- The ANC Primary Education Working Group is “delighted” with the results of the exam and “appreciates” the improvement in pass rates.
- It praised Angie Motshekga, Minister of Basic Education, her deputy, the MECs and the department that it wants to “continue this positive trajectory”.
- Less impressed was the prosecutor, who issued a report to Motshekga and said there was “room for improvement”.
While the ANC working group on basic education praised Angie Motshekga, primary education minister, for the recent exam results, the prosecutor gave her a “report card”, saying there was “room for improvement”.
The ANC study group – the party’s MPs who sit on the Primary Education Portfolio Committee – said in a statement that it was “delighted at the significant improvement in the performance of the 2022 matric class across all provinces”.
“The 2022 primary class is a historic cohort as the coronavirus pandemic has significantly impacted progress in grades 10 and 11. They were also impacted by the recent disruptions caused by the tax shedding. This cohort has shown the resilience and Demonstrated the youth’s commitment to learning.
“Their achievements are a testament to the enormous work of the Department of Basic Education to restore the curriculum and continue learning under difficult conditions,” said Nombuyiselo Adoons, the ANC whip on the committee.
“We commend the work of Minister Angie Motshekga, the Deputy Minister, Dr Reginah Mhaule, MECs in all nine provinces, and the department staff for their efforts and dedication to strengthen our education system.”
The study group said they “appreciate” the improvement in the National Senior Certificate (NSC) pass rate for 2022 from 76.4% to 76.4% in 2021.
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“The department should continue this positive trajectory. We are pleased that the bachelor’s rate of students from ‘free’ schools has increased by 13.4% from 2021. This is a qualitative improvement that represents progress in improving the conditions of the poor through education.,” it said.
“We welcome the overall performance improvement across all provinces, particularly the significant increases in KwaZulu-Natal at 6.2%, Limpopo at 5.3% and Eastern Cape at 4.2%. We also applaud the Free State for consistently the best performing province for consecutive years.”
Less impressed was the DA spokesman for basic education, Baxolile Nodada, who also sits on the committee.
In a statement of his own, he said it is “only fair” that Motshekga’s efforts are also being evaluated.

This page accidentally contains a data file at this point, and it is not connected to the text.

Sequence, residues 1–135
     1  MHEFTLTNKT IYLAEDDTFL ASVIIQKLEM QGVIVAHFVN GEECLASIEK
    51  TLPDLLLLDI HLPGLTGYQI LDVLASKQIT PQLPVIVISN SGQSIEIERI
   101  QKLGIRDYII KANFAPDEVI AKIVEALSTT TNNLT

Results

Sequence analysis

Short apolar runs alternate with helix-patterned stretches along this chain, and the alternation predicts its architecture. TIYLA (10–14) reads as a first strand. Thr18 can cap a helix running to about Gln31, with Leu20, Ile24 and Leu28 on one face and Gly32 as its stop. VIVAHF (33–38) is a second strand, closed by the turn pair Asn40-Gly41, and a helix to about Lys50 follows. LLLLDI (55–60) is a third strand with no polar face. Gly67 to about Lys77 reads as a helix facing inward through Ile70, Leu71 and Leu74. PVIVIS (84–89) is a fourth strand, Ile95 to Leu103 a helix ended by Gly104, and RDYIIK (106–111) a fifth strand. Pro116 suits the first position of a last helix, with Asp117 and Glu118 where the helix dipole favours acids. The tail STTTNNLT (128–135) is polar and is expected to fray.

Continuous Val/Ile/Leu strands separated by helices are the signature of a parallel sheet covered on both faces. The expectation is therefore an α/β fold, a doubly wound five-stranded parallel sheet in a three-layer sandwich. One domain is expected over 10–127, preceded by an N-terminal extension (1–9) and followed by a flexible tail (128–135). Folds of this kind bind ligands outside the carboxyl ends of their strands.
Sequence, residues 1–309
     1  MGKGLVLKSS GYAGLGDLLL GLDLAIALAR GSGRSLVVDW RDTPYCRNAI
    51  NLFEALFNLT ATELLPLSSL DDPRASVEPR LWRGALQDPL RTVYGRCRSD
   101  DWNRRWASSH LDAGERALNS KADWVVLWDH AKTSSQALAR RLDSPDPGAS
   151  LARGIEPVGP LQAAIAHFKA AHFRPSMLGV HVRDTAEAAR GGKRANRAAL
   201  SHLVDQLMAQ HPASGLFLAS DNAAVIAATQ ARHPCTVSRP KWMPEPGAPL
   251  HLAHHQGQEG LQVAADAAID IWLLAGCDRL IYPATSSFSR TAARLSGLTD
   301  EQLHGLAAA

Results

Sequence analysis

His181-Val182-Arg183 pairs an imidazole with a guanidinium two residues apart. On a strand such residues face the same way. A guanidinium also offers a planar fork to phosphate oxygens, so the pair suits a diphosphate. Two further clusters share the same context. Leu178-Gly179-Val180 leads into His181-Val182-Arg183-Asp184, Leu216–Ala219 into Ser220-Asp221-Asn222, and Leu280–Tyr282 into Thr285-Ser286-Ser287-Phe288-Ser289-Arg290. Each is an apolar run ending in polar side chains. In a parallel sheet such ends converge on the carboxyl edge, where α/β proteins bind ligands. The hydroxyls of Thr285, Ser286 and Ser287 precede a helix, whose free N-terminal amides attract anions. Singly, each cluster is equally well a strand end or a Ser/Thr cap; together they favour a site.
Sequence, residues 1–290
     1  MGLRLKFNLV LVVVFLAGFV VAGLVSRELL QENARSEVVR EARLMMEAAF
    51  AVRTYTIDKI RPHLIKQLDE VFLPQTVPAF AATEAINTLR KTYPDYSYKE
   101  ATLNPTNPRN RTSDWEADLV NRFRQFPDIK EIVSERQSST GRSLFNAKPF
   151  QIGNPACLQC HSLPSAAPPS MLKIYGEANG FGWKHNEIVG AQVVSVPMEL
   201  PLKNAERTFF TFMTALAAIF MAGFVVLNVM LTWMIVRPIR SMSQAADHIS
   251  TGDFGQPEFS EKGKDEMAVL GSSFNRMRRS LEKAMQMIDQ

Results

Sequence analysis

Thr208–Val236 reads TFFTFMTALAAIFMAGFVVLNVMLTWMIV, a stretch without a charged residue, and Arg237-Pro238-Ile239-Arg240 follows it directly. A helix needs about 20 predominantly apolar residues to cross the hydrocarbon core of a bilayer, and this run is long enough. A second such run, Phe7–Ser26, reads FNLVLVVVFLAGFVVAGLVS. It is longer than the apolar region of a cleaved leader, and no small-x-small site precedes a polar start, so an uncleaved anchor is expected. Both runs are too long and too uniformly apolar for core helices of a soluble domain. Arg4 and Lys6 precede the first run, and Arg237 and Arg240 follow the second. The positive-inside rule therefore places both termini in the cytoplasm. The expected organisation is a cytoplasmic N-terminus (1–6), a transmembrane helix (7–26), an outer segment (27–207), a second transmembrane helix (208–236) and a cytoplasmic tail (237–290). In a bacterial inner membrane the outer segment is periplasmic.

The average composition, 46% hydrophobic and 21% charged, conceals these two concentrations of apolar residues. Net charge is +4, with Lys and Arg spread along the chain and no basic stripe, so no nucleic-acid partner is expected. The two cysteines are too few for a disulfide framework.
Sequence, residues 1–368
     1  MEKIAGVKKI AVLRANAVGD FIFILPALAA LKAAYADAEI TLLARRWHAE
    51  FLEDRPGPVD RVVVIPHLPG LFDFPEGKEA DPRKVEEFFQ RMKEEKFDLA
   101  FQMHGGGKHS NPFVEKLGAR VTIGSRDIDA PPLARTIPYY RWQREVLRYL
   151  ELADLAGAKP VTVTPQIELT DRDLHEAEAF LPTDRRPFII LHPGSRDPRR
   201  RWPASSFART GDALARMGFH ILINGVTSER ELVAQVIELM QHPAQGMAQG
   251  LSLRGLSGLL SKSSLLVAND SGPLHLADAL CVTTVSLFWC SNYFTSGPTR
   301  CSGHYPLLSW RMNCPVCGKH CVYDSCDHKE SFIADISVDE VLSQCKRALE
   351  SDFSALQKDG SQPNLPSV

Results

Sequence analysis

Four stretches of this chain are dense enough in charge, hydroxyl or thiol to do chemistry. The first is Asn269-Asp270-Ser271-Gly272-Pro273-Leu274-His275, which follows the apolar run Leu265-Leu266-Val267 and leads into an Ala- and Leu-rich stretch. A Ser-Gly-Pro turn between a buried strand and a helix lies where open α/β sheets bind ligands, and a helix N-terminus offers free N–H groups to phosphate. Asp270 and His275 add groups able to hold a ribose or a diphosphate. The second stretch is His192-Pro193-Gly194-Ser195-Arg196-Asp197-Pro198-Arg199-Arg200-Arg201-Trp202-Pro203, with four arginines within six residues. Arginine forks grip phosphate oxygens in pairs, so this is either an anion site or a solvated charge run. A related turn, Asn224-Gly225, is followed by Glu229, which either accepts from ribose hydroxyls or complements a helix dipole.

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For “basic stage results,” he gave her a D and said, “Due to ongoing Covid-19 lockdowns and the disruptions to education, students are up to two years behind in reading and math.”
For “Teacher Development” he gave Motshekga an F.
According to Nodada, by 2022 there were 1 575 unqualified and underqualified teachers teaching in classrooms.
“A SACMEQ [Southern and Eastern Africa Consortium for Monitoring Educational Quality] study measuring teachers’ knowledge revealed that South Africa cannot match its African counterparts. South African teachers struggled to pass tests in the subjects they teach, with grade 6 teachers getting results of less than 50% – 41% for maths, 37% for reading subjects,” he said.
He added that the Auditor General found that the South African Council for Educators “was struggling to produce credible performance reports”.
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Nodada gave Motshekga another F for “dropouts” – a perpetual concern for the prosecutor.
“Dropouts remain a major problem. The actual pass rate for the exam in 2022 was only 54.6%, with a dropout rate of 31.8%,” he said.
Motshekga got another F for “school safety”.
“The second quarter crime statistics for 2022/23 revealed 83 rapes and 19 murders committed in primary, secondary and secondary schools, daycare centers, special schools and tertiary institutions,” Nodada said. “258 cases of assault/grievous bodily harm and 22 cases of attempted murder occurred in educational buildings.”
Motshekga’s grades, as awarded by Nodada, improved with “native language teaching”, for which he gave her a C.
“Despite numerous local and international studies demonstrating the benefits of mother tongue teaching, it remains a contentious issue with relatively few single-medium schools, especially in the indigenous languages,” he said.
“Progress has been made towards the expansion of mother tongue education, with isiXhosa and Sesotho being tested as languages of instruction after the basic phase in the Eastern Cape.”
For “quality of education” Nodada gave Motshekga a D.
“Minister Motshekga has a lot of room for improvement. While her department has a number of valuable initiatives, they will not succeed without focus and a concerted effort to address and resolve the numerous serious concerns plaguing the South African education system,” said Nodada.